Poor communication between health care professionals may result in patient injuries or fatalities. As reported by the HIPAA Journal, miscommunication most often occurs when staff members change shifts.
When caregivers sign off at the end of their shifts, the responsibility of patients’ care transfers to another staff member. A joint commission’s research discovered 80% of communication errors occurred during patient handoffs.
Incomplete medical records and lack of updates
Errors may occur in the absence of complete and updated medical records. Seriously ill individuals may receive the wrong medication. In some cases, a practitioner may perform an unsuitable procedure.
Information concerning each patient’s condition requires the latest details. Poorly maintained documents may cause a practitioner to review incomplete reports. Neglecting to record changes in symptoms, for example, may cause a caregiver to provide harmful treatment.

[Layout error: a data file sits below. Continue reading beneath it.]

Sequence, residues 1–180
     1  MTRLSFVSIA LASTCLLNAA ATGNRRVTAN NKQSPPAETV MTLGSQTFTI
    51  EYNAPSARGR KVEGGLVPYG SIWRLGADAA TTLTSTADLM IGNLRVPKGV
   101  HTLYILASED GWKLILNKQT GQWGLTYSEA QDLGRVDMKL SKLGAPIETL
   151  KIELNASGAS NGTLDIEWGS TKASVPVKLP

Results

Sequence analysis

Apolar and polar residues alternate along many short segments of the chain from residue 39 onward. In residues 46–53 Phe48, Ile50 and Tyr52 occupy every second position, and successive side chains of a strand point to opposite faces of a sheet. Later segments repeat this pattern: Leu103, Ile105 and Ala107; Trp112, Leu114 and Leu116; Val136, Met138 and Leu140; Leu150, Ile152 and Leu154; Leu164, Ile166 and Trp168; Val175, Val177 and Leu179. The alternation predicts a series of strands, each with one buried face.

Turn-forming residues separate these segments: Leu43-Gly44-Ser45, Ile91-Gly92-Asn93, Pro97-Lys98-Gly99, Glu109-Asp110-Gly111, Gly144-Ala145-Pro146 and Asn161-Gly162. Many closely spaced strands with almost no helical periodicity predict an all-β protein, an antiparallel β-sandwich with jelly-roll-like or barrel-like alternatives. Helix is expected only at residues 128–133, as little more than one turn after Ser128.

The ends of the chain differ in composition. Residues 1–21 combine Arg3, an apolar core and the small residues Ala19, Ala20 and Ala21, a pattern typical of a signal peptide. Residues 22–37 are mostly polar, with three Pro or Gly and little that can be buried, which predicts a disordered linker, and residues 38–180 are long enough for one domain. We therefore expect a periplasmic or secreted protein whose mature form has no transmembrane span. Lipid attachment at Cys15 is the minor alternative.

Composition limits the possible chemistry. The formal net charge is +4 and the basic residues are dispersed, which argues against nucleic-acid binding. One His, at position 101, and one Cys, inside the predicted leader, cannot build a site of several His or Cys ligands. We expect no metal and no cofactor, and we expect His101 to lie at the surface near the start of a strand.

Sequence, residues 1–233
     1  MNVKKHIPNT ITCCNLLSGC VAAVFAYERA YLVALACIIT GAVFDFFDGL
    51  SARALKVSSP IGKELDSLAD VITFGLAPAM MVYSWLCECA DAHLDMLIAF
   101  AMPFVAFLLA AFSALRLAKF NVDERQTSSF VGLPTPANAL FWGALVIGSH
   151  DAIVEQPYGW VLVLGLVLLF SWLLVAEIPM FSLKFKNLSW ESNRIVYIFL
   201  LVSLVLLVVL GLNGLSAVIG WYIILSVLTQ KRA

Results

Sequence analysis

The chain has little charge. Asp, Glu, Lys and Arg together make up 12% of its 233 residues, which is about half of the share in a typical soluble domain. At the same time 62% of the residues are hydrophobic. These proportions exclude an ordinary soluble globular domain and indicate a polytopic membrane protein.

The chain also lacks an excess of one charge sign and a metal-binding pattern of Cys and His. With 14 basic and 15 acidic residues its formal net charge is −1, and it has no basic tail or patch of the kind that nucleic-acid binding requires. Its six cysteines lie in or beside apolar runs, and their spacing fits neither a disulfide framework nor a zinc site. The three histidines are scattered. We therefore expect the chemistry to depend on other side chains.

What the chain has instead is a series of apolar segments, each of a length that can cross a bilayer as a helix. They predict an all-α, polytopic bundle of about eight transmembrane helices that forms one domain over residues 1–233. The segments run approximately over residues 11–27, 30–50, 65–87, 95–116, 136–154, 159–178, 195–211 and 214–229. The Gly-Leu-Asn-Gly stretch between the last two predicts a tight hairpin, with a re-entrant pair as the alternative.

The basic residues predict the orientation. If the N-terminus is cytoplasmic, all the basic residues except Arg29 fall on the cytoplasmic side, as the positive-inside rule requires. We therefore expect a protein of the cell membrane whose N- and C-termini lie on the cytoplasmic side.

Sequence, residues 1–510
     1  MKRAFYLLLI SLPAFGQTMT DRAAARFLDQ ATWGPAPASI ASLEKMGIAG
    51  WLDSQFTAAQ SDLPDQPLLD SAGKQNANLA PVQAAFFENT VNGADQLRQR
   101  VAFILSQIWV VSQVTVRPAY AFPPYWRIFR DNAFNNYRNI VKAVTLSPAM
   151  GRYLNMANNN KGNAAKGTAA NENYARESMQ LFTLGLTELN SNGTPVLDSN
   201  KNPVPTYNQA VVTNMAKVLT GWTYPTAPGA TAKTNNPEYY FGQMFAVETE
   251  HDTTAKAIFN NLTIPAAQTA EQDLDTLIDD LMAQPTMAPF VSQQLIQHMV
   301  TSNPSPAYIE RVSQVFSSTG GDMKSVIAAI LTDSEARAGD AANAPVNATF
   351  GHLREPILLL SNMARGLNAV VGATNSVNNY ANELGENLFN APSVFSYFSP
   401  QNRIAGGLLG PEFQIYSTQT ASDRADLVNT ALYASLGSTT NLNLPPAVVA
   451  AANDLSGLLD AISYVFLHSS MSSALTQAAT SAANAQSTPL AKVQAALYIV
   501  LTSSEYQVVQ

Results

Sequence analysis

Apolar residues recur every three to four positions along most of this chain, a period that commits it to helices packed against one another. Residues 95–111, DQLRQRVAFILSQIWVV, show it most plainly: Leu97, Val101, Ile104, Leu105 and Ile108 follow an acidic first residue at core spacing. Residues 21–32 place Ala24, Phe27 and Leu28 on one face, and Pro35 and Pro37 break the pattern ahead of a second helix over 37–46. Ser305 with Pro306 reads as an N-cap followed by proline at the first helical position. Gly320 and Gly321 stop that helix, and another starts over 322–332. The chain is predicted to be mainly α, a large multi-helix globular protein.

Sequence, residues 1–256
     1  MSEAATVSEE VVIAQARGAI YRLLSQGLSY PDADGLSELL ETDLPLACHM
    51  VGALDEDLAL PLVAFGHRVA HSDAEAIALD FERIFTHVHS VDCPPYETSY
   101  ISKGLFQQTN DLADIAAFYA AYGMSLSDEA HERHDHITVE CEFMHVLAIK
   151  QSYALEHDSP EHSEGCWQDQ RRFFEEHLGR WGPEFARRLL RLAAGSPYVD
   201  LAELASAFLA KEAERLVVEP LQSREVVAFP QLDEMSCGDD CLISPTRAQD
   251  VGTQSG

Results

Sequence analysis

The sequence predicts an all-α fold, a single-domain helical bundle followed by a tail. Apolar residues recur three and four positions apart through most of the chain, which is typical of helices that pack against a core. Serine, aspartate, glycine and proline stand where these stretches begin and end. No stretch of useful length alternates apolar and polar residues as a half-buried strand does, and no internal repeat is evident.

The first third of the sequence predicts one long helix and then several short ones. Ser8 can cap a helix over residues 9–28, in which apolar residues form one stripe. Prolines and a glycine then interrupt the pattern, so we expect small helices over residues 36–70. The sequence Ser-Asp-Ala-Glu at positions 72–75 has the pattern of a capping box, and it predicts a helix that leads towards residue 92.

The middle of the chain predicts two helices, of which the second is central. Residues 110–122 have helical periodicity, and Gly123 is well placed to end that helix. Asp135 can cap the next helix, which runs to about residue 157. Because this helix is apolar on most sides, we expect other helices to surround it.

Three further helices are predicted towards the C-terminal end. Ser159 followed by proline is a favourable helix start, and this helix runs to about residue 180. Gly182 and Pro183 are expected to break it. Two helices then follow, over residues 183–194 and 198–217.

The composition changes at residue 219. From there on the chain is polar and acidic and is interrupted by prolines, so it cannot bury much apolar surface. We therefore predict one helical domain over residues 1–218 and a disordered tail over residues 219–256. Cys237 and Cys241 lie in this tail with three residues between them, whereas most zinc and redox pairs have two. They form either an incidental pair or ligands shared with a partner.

Some reasons for miscommunication between staff members
Sloppy documentation most likely falls outside of any organization’s acceptable policies. Hospital managers may, however, fail to properly train staff on record-keeping duties. Management may also lack effective procedures for holding staff accountable for poor work habits. Stress and burnout might also contribute to record-keeping omissions during shift changes.
As noted by U.S. News and World Report, poorly communicating test results leads to errors in diagnoses. Health care practitioners reportedly overlook up to 62% of patients’ lab results. As much as 36% of imaging results may fail to receive a thorough review. Physicians may not possess full details of a patient’s condition before recommending treatment.
Medical practitioners owe a duty of care to maintain accurate and updated records. Errors that lead to severe injuries or death may require a malpractice action. A jury may award harmed patients or grieving families compensation for their suffering or loss.